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08:11 am: Weekend
First off, I am so ahead of the game: Extruded a new essay on AI on the train yesterday. The growing list of these things is here. _earthshine_, this one's for you.

On to the plan for the weekend. I can already tell that today will be driven by the rhythm (ever notice how that word has no vowels? weird) of the dishwasher. I need to clean about 100 bottles in order to finish the beer we started two weeks ago. I'm also planning to use up about 18 pounds of red malt extract in a highly experimental batch, testing the limits of malt character available to the homebrewer. We'll see what happens. I'm aiming for original gravities in the 1.02 range.

Did some reading on solar panels for the house. I'm totally bummed by what I found. It occurred to me that since I spend about $1000 per year on electricity, it might be possible to buy a solar system that produces enough power to take me off the grid, or perhaps even sell power back to the utility. Turns out that the system I would need to cover my average 900kW/h per month consumption costs about $40,000. Plus installation. Now, there's a tax credit of 15% of the first $15,000 of that ... but still. Damn. It'll pay for itself sometime *after* the mortgage runs out.

For new construction, though, I'm aiming for "off the grid." I want a well, wind, solar, geothermal, etc. The only solution is to build my fortress atop an active volcano.

Comments

[User Picture]
From:jrtom
Date:January 28th, 2006 06:29 pm (UTC)
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Interesting AI essay. I'd suggest that it's not quite the case that "intelligent, self-aware beings are the only accurate detectors of intelligent, self-aware beings" (although that phrase does suggest an interesting inversion of the Turing test: perhaps we could consider a _computer_ to be self-aware when it can reliably tell the difference between a person and a computer pretending to be a person). Instead, I'd argue that intelligent, self-aware beings are the only judges that intelligent, self-aware beings will accept as to what constitutes an intelligent, self-aware being. In particular, I think that "judge" is more appropriate than "detect"; the decision of what constitutes "intelligent" has always been subjective in part.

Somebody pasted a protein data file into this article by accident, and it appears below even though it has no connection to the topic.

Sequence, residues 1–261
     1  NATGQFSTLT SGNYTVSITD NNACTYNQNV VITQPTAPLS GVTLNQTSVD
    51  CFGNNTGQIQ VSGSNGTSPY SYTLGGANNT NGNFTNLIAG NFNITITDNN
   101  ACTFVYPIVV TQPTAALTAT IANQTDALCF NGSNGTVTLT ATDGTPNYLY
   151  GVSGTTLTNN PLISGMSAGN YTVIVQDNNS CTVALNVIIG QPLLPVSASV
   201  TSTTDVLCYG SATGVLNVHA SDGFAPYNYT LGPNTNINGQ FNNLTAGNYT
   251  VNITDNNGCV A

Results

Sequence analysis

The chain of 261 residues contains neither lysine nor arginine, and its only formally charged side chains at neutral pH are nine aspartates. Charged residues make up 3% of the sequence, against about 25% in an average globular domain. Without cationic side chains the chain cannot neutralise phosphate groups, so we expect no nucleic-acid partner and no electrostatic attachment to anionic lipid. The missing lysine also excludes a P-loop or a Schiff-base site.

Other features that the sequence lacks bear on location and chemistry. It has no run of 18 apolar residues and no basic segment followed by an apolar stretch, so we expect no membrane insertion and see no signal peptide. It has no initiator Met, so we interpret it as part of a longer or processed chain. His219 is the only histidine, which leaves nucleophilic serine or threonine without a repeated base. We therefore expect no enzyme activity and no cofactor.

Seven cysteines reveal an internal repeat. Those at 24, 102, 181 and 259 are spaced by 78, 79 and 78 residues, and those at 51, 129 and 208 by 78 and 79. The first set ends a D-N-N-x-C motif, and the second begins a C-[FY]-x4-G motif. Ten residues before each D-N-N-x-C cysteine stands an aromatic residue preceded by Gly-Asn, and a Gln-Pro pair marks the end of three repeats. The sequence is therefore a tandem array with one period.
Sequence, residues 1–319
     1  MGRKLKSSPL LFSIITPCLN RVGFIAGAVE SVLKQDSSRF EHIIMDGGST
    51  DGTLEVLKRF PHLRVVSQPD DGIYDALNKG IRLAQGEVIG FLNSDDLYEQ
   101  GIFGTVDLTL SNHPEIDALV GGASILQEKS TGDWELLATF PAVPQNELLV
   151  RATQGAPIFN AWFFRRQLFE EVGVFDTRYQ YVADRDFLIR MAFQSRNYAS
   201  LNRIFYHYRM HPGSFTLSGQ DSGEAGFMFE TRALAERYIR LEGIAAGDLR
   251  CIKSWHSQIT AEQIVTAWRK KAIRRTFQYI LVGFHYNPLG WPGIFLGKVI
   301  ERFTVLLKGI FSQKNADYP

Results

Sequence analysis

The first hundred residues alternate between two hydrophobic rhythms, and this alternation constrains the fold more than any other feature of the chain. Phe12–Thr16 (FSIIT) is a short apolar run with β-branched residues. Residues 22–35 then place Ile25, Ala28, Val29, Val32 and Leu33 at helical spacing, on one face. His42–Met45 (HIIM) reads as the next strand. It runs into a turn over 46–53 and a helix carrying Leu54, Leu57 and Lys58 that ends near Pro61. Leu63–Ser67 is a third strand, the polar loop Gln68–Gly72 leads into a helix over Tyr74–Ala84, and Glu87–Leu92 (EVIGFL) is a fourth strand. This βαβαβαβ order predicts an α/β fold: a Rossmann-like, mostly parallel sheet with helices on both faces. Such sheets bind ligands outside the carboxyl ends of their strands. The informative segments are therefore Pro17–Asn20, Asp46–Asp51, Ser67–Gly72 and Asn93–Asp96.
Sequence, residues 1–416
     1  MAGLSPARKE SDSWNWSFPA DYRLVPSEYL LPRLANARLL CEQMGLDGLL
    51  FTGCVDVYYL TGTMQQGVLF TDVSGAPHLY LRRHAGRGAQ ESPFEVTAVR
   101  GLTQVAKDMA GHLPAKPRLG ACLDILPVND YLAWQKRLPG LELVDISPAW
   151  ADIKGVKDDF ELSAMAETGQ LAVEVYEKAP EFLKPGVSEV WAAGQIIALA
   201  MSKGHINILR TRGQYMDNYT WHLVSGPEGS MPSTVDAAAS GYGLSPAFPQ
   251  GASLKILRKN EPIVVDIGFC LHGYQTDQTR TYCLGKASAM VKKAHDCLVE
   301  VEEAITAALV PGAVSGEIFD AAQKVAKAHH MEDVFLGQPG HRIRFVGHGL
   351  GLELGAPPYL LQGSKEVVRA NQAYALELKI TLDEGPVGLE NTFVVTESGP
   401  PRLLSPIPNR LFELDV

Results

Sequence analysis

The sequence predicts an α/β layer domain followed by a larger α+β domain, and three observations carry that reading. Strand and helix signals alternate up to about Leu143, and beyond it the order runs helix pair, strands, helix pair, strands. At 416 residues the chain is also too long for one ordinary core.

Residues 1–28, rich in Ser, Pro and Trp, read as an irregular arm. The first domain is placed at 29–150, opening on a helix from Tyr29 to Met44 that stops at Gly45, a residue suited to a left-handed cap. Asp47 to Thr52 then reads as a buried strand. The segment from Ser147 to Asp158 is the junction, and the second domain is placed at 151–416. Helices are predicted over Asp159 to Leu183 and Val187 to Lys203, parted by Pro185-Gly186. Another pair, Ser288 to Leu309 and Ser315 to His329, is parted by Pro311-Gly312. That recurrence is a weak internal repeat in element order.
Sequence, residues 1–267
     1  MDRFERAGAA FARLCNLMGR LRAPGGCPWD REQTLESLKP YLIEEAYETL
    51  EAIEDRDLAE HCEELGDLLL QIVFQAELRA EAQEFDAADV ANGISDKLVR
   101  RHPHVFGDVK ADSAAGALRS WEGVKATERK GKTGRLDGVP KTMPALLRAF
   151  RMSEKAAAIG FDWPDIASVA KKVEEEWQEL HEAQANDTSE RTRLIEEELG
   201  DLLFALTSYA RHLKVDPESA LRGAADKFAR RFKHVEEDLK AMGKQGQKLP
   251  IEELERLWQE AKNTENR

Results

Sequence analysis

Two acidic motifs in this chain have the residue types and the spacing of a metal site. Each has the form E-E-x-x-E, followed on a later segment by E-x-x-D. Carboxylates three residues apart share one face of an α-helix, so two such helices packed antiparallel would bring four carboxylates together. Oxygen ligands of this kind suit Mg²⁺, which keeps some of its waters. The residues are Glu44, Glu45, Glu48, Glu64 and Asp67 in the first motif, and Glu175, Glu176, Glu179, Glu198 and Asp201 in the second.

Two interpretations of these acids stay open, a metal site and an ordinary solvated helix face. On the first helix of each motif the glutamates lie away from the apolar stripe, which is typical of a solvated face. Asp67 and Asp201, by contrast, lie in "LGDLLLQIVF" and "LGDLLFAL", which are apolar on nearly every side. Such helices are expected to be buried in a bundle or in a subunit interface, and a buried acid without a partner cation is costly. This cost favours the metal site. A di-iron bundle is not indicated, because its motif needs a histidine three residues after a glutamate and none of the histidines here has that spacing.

[User Picture]
From:fdmts
Date:January 28th, 2006 09:01 pm (UTC)

AI

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accurate detectors of intelligent, self-aware beings

You hit it on the head with the switch of words to "judge." It's a subjective call, and one has to be sentient in order to make that call.

My derivation is this: In reality, the only one I trust to judge any of these things is myself, since I'm the only self-awareness that I *know* exists. I've decided to trust my gut, broadly speaking, and assume that if you show signs of being "like me" in terms of being self-aware, I'll just assume that you are instead of wasting lots of time philoso-babbling about it.

Yeah, I would argue that assigning sentience to some system is a subjective call rather than an objective measurement. I'll go with that. In that case it's sort of tautological to spell it out.
[User Picture]
From:jrtom
Date:January 28th, 2006 06:34 pm (UTC)
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Solar panels: is is possible that you could get a cheaper system that would partially take you off the grid and pay for itself? (The extreme case is picking up a solar charger for batteries; I those might plausiblly be cheap enough that they pay for themselves fairly quickly, even though they don't save you much electricity.)